This year’s Goldman Prize winners fight for justice in the farm fields of Ireland and far beyond.
Photo: Willie and Mary Corduff

The digital age might allow us to transcend geography, but real places — places far and near, exotic and humble — still matter. Just ask the six winners of the 2007 Goldman Prize, who risk their reputations, their livelihoods, and their lives to protect very particular pieces of turf. Whether they’re fighting for a stand of big-leaf mahogany in the remote Peruvian Amazon, a family farm in Ireland, a stretch of boreal forest in Canada, or an incomparable fishing stream in Iceland, they’re committed to the dirt beneath their feet, and their dedication has deep roots.

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Read about Goldman prizewinners from 2006, 2005, 2004, and 2003.

“We knew we were going to lose everything we had,” says Irish farmer Willie Corduff, who was jailed for opposing a gas pipeline on his land. “It wasn’t a lot, but it was what was handed down to us, so it was an old tradition. And we loved where we lived. So I said, ‘Look, I have to stand up for this.'”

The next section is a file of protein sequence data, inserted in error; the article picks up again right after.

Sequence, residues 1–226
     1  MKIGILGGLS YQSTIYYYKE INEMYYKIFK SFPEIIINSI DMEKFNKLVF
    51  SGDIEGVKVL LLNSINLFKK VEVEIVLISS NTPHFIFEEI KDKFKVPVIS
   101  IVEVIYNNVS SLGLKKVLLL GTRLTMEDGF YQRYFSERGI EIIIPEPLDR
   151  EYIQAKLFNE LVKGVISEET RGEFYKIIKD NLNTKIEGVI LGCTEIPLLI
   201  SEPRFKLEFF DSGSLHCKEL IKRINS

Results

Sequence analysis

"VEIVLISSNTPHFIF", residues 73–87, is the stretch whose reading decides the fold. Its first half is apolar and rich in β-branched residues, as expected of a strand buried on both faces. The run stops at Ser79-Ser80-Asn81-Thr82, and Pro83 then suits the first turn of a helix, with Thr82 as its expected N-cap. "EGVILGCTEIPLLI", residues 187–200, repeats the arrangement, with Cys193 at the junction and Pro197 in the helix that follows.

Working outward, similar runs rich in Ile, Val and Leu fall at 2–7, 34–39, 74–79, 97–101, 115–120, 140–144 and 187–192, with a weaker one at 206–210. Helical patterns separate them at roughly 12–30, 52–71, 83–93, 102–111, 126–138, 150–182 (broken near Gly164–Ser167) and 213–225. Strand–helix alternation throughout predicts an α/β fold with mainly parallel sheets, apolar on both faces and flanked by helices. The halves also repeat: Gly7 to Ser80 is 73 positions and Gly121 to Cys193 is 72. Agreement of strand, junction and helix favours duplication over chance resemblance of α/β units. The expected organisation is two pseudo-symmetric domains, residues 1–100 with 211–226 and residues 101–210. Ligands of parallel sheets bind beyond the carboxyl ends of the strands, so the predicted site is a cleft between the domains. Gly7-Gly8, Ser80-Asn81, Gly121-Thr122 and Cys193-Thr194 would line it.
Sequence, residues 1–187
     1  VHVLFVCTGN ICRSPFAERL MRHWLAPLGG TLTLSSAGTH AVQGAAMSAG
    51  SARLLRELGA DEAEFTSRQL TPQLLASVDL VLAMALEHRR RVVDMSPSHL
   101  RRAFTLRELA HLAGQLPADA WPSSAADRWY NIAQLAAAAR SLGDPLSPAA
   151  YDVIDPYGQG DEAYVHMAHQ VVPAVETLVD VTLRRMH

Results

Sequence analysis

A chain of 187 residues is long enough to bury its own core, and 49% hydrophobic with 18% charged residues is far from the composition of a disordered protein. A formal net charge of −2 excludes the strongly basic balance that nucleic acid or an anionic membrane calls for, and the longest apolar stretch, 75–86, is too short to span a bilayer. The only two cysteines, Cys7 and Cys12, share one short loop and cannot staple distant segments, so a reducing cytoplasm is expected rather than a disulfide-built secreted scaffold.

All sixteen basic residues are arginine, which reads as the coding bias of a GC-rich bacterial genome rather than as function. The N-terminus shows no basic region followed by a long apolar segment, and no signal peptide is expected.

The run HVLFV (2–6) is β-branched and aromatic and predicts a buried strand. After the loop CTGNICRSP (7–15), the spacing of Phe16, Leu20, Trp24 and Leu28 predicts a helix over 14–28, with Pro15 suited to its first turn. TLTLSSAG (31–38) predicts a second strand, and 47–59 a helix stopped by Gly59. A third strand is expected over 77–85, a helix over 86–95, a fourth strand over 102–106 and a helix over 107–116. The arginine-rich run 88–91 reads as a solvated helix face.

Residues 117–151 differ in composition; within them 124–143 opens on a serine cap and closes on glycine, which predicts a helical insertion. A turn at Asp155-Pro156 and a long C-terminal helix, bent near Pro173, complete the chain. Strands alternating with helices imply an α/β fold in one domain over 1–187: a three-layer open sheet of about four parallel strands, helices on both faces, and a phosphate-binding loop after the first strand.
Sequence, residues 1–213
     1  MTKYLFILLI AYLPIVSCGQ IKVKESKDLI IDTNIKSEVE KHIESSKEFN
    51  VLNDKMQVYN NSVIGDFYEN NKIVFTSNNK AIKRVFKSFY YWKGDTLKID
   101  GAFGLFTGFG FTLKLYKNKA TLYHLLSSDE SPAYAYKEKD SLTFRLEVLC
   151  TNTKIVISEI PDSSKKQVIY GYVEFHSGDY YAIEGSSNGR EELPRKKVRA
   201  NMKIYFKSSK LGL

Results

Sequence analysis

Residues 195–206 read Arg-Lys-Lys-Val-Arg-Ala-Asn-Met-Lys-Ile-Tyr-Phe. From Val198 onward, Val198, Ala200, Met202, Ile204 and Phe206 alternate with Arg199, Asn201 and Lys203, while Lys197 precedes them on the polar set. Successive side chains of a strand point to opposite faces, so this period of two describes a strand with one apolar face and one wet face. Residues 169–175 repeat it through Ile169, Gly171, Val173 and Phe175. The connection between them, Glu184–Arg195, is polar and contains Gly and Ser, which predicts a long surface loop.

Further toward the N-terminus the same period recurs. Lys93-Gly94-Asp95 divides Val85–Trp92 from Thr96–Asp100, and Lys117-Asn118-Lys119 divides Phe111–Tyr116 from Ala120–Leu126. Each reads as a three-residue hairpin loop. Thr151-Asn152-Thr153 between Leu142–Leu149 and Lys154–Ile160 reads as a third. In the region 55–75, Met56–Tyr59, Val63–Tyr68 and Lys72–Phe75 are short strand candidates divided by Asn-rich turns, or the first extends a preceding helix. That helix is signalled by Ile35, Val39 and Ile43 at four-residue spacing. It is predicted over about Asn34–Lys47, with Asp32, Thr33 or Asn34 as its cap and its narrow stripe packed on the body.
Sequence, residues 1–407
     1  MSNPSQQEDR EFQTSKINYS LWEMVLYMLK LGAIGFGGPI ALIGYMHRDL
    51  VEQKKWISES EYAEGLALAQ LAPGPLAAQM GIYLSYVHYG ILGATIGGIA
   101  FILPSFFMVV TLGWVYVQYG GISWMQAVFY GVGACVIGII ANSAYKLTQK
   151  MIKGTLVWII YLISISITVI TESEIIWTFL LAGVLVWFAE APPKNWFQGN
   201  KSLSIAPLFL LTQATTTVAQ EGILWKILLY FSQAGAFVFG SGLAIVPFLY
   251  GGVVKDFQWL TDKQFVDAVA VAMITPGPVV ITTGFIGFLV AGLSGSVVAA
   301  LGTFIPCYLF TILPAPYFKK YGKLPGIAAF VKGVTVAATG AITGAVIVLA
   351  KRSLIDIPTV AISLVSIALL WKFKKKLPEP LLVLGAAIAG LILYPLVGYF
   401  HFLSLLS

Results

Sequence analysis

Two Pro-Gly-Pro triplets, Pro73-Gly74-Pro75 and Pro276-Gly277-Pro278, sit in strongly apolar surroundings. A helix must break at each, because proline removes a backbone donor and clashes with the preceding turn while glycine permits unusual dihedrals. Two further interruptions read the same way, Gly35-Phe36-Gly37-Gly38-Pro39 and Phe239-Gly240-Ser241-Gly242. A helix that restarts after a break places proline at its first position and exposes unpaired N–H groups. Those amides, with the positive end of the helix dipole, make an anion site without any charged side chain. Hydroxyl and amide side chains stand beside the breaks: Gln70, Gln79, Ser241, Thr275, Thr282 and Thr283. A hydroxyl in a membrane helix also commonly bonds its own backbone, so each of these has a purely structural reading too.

Each year, the Goldman Environmental Prize honors such extraordinary dedication. The prize was established in 1990 by Richard and Rhoda Goldman (Richard Goldman founded Goldman Insurance Services in San Francisco, and Rhoda Goldman was a descendant of jeans-maker Levi Strauss). Winners represent every major region of the world — Africa, Asia, Europe, North America, South and Central America, and island nations — and are nominated each year by environmental organizations. Each winner receives an award of $125,000.

This year’s six winners were honored in a ceremony in San Francisco on April 23. Grist caught up with them by phone ahead of time to find out what makes them tick.

  • Hammerskjoeld Simwinga of Zambia travels by car, bike, and foot throughout the wildlife-rich Luangwa Valley, helping his fellow residents develop economic alternatives to poaching.
  • Ts. Munkhbayar, a Mongolian herder, sold his livestock in order to campaign against destructive mining on the Onggi River.
  • Willie Corduff, an Irish farmer, was jailed for his opposition to a high-pressure gas pipeline on his family’s land.
  • Orri Vigfússon of Iceland has coordinated huge buyouts of commercial fishing rights and brokered moratorium agreements with several North Atlantic countries to save the struggling North Atlantic salmon.
  • Sophia Rabliauskas of Canada has worked to protect the traditional territory of the Poplar River First Nation from logging and hydropower development.
  • Julio Cusurichi Palacios of Peru, who has fought for the rights of indigenous people since he was a teenager, helped establish a national forest reserve in the remote Peruvian Amazon.

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